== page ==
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Is there any Room for me?


“This moment will just be another story someday,” said Stephen Chbosky, author of The Perks of Being a Wallflower. I read that book back in highschool and when I came across that line, I took it in all seriousness for it to be my life motto, so everything to me turned to an amazing adventure. A trip, somebody’s voice, the feeling of a fabric, the color of the sky, even a rock. For a significant amount of time, this storytelling idea type of living was always exciting and actually helped me in having better retention skills. However, it got to a point where I felt like this was just an anticipation of nostalgia and of stories that I knew, no matter how short, would still remain with me forever. Forever. Let that sink in. Are all those particularities, whether good or bad, worthy of collecting a space in my heart and mind for all my life?


I started to believe

that my hard drive

was starting to get full.

Since my childhood, I’ve related specific characteristics of others, such as an eye color or even the thickness of hair, with what I believe to be abstractions of their environment; hazel eyes remind me of the beach, or a fabric ́s touch to a vacation. “This smells like an afternoon at grandma’s, eating toast with jelly,” or “It feels like the talk we had under the stars at the cabins.” Is this healthy? Am I limiting myself to a number of feelings or experiences by documenting my memories, as feelings in this manner? Hands down, I can say that it slows down the development of a raw outlook on things, which often leads me to sound like too much of a dreamer, but on the other side, it adds meanings to things that otherwise would go unnoticed by me. A rock, for example, would hold no significance. However, it does. Reason being, one of the most meaningful relationships I have been in, holds a story with rocks. 

I traveled to Switzerland, before my ex and I dated and we were still only just friends. I asked him, without expecting too much of an answer, what souvenir would he like me to bring him from my trip. “A rock,” he responded ironically. The day of the trip came and when I visited a park in Lugano, I remembered what he said, so I picked up a small rock and brought it back with me, but really it wasn’t until a year or so later that I gave it to him.He didn’t even know I had actually brought him one.

Things led us to end the relationship and we tried not to stay in touch, yet we were somewhat aware of what our lives were then entailing. So, of course I knew, two years later, that he had traveled overseas. A couple of months after he returned, and nearly a year since we had last seen each other, we met again. “Here’s your gift from Germany,” he said, as he handed me a plastic bag, containing a piece of rock from the Berlin Wall.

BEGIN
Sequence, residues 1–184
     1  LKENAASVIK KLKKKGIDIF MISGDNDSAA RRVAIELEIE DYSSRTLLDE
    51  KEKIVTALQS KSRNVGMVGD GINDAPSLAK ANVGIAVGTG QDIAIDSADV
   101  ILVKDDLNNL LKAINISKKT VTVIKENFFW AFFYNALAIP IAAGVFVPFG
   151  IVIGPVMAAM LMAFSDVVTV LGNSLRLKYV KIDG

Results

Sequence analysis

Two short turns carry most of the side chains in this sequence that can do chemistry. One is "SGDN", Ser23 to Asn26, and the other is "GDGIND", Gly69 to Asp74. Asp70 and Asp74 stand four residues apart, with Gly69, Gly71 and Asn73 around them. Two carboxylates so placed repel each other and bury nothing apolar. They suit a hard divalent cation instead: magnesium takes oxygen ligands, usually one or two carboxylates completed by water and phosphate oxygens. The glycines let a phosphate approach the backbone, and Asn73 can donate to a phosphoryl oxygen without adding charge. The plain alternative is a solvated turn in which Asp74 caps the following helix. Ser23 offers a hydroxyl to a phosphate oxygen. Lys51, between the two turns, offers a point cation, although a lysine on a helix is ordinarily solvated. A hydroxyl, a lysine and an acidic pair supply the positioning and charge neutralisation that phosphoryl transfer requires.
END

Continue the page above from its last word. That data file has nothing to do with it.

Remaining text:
No matter how fond I am of this story-telling of feelings and memories of mine, I can’t help but ask myself if there's any room left, in others, for the existence of the memories I made with them. Surely, my ex had them, but anyone else out there? This unsureness might come from that one time I was home alone as a kid, for probably less than half an hour, but which surely felt like an eternity. I really thought my family had just decided to leave, with no goodbyes, forgetting about me, and that I was now left to cook my own mac n’ cheese and somehow survive.


Ever since then I can recall my biggest fear has been that of being alone and lonely. And even if the reality is another, feelings can trick you into believing that things are a certain way, even if that’s far from it. I could say that I learned the lesson of having something for a good time but not a long time, at a young age. After giving enough thought to that, I end up doubting ever sharing a rock type of story with someone else, because it might be that all the other rock stories are already taken. 


Countless nostalgia stories have been told, of old loves that were left in the past, but carried in the heart forever. Life went on, but those memories remained. I guess it does happen once in a lifetime that we have an unbreakable connection with someone. Could easily be, with our first love. They are the first person other than our caretakers, to know our weaknesses and hopes. Sometimes this relationship can last forever, if you’re in luck, but, if you’re like many, chances are that it won’t. Just like you share unrepeatable stories with someone else, so do most of us, and as dead as those stories can be, we still wake up every morning not knowing if today, another, and even better rock story can begin; and maybe this time, forever.

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